Grant Morrison is a writer who can take something simple and twist it around into something you don't expect. Here, he take the typical guidebook and crafts a narrative comic around it, creating stories within stories in the way the readers have come to expect out of Morrison. More akin to DCs Secret Files and Origins of the 90s, this isn't simply pages after page of each of the fifty two universes, although that's in here too. It mixes the narrative around Earths- 42, 51, and the comic books that tie the worlds together. Earth-42 is the home of the Little League, childlike versions of the DC heroes, and ones who are attacked by the legion of Sivanas from the previous Multiversity story, "Thunderworld," before the Batman of the radioactive Earth-17 arrives on his grail hunt. Morrison makes the Atomic Knights of that dystopian world more akin to the Knights of the Round Table, which is one of those Morrisonian tropes that seems perfectly logical when you read it. Pretty soon Li'l Batman has opened a comic that gives him a view of Earth-51, the Jack Kirby Earth created out of the end of Final Crisis, where Kamandi finds caves that have a history of the multiverse on them. This elegant bit of story lays out how all the Crises that have affected DC continuity exist in one continuum, a love letter to DC history. We do get the breakdown of the 52 Earths (or 45, as seven are mystery Earths), and the issue ends with the more details of the menace of the Gentry and the Empty Hand that they serve. The Empty Hand is something DC fans can recognize from the past, as nearly everything in this issue nods to past stories. Morrison loves DC Comics, loves it's history, and this series is him telling us why. Mix in Marcus To's art on the top level Batmans narrative, Paolo Siqueira's on the Kamandi narrative, and a murderers' row of artists on the guidebook pages, you have a comic that speaks to everything we love about superhero comics.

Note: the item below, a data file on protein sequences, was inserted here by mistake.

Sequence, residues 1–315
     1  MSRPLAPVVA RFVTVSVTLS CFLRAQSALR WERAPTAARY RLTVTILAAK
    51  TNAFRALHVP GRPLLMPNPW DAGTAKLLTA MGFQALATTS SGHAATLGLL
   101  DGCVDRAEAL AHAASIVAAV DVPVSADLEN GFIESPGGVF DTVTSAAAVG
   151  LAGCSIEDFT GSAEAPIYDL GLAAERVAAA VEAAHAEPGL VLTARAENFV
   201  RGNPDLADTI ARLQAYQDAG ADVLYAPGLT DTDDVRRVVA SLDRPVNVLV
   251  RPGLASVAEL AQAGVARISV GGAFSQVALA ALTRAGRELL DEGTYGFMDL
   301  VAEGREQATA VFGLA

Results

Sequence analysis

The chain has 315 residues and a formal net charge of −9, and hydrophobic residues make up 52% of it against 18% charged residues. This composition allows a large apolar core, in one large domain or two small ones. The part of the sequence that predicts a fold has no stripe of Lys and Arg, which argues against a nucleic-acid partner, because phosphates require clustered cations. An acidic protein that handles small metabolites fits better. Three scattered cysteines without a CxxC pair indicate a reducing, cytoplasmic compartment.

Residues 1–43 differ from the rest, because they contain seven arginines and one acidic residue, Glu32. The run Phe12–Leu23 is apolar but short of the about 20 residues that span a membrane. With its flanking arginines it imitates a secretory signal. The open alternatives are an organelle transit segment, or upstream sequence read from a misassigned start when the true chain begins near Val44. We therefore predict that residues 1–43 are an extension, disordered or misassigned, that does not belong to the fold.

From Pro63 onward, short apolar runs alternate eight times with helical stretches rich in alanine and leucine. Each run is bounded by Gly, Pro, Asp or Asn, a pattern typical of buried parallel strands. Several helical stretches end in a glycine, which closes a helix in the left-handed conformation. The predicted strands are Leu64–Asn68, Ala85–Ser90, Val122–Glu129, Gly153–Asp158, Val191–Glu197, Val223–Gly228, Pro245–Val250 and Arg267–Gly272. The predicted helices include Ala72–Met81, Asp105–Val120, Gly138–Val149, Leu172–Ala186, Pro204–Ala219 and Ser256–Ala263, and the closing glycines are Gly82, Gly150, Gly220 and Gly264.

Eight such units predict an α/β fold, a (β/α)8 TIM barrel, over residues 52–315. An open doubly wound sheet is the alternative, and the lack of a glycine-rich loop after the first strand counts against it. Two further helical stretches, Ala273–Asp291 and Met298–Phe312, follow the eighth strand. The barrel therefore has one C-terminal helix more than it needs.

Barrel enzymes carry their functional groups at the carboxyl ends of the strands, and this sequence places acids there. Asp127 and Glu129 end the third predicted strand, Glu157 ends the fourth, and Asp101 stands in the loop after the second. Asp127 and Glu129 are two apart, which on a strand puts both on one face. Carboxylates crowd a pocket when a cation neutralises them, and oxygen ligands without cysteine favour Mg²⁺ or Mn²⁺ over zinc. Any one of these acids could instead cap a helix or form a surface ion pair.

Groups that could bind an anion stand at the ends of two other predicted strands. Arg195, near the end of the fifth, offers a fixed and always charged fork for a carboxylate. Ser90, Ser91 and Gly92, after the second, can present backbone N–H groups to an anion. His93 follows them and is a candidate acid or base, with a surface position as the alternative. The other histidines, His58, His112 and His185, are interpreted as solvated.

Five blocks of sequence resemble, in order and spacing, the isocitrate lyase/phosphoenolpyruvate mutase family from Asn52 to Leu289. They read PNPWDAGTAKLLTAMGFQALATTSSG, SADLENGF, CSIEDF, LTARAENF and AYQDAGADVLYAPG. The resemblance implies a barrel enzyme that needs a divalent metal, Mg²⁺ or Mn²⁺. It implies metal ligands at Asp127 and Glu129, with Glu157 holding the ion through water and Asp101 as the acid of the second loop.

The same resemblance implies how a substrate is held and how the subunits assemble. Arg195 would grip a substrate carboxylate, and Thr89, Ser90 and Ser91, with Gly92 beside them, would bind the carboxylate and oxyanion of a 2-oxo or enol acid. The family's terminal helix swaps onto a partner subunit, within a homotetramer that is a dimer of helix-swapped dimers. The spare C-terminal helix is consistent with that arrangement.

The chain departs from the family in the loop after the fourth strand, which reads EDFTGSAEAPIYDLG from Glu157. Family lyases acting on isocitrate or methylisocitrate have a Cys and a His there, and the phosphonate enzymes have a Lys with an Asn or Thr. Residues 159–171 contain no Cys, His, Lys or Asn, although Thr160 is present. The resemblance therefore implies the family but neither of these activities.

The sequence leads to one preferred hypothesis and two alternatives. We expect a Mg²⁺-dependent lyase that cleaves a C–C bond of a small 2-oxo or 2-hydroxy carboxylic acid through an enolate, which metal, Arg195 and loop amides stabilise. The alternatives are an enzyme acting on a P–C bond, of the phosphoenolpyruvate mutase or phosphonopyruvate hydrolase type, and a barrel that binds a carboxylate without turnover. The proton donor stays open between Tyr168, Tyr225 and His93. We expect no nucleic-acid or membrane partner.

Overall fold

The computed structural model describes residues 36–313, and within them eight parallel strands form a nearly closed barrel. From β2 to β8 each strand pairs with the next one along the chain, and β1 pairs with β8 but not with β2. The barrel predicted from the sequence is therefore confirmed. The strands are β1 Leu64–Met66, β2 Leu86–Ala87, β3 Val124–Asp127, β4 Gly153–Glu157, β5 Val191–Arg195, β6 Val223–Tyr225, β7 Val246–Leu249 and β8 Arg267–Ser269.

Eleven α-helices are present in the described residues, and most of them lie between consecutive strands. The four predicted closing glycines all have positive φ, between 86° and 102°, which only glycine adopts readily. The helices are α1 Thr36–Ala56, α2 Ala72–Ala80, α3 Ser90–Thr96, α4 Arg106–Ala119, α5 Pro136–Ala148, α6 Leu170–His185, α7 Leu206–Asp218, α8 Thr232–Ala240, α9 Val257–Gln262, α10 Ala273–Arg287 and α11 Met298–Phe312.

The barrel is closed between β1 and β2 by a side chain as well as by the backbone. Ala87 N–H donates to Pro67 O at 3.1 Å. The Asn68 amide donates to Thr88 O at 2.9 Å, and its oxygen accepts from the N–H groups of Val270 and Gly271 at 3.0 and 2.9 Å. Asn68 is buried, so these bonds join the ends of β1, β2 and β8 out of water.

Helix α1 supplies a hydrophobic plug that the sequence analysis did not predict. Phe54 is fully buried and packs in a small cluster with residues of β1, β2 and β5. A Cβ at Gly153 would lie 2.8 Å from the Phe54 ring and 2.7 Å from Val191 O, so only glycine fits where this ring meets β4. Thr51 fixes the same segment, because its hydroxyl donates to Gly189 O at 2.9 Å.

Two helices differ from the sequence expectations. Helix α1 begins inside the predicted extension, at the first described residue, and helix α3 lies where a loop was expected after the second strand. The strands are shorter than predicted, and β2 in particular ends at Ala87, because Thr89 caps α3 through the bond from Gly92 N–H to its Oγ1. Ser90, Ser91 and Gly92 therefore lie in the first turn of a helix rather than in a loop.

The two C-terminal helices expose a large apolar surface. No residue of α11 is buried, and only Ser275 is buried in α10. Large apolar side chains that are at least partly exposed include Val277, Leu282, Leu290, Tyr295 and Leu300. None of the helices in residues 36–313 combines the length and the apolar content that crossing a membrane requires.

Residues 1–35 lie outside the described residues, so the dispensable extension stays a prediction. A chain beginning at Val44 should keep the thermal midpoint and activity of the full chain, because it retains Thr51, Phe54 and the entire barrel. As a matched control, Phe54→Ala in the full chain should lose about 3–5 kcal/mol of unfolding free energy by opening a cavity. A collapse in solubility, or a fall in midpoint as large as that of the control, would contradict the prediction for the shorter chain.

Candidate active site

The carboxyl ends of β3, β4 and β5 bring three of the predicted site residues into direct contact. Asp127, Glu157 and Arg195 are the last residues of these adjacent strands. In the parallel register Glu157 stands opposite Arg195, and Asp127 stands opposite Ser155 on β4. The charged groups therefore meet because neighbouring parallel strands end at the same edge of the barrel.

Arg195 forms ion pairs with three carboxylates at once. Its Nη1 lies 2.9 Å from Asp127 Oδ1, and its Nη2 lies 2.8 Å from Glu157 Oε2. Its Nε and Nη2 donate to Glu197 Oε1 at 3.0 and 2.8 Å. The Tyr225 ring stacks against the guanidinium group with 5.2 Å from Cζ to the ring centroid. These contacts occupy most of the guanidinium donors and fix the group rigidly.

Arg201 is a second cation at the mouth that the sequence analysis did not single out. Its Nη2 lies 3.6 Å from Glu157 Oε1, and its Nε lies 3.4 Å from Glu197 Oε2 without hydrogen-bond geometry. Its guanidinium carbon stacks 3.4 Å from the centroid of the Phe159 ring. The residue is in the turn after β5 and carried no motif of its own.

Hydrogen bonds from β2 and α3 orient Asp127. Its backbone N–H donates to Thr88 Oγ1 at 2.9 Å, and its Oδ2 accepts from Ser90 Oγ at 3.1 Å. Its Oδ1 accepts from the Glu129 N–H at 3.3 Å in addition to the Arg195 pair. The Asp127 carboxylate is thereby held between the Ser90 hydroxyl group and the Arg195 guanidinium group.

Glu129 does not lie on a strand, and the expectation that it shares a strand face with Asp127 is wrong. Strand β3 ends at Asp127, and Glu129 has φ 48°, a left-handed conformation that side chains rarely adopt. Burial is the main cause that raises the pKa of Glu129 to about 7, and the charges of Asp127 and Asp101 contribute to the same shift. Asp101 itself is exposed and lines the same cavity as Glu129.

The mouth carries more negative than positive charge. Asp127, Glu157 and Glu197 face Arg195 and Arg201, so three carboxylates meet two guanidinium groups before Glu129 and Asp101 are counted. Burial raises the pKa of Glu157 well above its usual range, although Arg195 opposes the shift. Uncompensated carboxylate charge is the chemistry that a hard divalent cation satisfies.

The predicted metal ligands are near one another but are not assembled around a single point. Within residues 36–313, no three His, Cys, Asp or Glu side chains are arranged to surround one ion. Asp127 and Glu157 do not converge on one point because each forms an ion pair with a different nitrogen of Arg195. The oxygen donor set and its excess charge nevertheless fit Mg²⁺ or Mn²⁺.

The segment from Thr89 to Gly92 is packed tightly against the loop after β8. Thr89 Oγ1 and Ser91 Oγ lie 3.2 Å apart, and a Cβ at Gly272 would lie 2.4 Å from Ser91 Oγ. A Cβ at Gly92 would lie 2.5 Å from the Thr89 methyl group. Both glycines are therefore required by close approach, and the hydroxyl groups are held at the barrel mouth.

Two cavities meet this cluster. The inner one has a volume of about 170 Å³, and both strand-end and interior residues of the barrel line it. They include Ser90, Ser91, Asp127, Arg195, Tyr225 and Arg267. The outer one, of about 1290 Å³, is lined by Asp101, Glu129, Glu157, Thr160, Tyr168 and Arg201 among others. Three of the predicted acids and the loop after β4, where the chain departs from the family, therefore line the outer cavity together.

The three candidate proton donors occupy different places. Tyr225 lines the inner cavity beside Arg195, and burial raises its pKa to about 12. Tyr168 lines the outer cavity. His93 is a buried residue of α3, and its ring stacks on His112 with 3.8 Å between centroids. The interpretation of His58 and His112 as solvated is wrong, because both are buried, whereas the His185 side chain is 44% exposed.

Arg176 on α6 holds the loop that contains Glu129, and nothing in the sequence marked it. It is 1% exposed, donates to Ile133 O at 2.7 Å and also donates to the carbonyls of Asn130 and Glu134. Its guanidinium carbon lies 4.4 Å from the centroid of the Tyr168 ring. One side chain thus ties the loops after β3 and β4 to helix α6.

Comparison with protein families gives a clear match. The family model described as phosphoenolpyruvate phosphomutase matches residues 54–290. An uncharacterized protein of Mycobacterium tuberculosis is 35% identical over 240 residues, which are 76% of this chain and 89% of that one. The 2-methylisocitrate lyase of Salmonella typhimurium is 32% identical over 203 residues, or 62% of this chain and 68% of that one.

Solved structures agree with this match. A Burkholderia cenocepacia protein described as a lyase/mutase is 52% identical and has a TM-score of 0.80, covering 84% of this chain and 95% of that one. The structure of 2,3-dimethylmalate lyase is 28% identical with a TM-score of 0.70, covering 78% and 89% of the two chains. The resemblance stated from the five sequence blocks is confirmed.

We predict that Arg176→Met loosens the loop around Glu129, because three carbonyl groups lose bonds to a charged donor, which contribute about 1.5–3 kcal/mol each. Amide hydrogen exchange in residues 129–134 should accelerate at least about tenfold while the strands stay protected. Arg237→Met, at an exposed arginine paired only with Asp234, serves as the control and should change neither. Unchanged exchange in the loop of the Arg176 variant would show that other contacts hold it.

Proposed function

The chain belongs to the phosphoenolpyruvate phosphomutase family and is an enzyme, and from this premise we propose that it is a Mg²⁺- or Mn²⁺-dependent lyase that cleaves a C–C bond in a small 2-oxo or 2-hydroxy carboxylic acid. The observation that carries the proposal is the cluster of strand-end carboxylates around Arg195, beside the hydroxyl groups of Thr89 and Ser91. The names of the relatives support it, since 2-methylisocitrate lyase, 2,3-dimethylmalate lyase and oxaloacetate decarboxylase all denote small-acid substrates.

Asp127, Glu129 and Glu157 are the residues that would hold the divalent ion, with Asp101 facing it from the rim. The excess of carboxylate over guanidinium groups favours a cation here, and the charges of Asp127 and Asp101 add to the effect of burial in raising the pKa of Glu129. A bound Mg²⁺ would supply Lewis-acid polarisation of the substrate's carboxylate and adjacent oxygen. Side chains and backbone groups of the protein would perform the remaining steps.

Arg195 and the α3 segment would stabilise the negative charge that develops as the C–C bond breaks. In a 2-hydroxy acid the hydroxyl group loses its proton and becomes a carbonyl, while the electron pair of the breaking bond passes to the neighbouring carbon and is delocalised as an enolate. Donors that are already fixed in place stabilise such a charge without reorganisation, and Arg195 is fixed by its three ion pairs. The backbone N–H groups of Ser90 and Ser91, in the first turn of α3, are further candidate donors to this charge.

The Unwritten: Apocalypse #12
Story: Mike Carey
Art: Peter Gross
Bidding goodbye to a long-running series you've been reading since the beginning is a part of being a comic book fan. I've done it before, and I'll do it again. But The Unwritten is a special case. It's a book I went into super psyched for, and came out of even more psyched for. There was never a lag, never a wasted moment. This final issue ties up the story in a neat bow without seeming pat. The way that all the worlds are saved, how Leviathan (the great beast of story, not the DC terrorist organization or the Marvel Cold War Soviet Hydra-analogue) is healed, it's all a perfect, elegant solution that stared you right in the face from issue one of the current volume but only on second reading. It's a tragic ending, like most endings to long term Vertigo series are, but every character gets the end they deserve, or have earned. A heroic death for a man who never viewed himself as a hero is a good death. And some characters have learned something about themselves. I will say the Pauly Bruckner gets to return to Willowbrook Wood, and Wilson Taylor, like Roland Deschain at the end of Stephen King's Dark Tower, sets out on a journey he's made before in a way he never would have before the last journey. Tommy does finally face down Pullman and Madame Rausch, the (pun intended) puppet master behind everything that has gone before. And we get to see the fates of pretty much every important character from the book's long history. More than any other comic, this final issue is appropriately meta, and if you've read the series, you know that is a high complement. I'm planning a longer retrospective piece on The Unwritten timed to post around the time the final trade is released, and this isn't an issue new readers can just jump into, but take it from me, this is a comic that is well worth the time to read.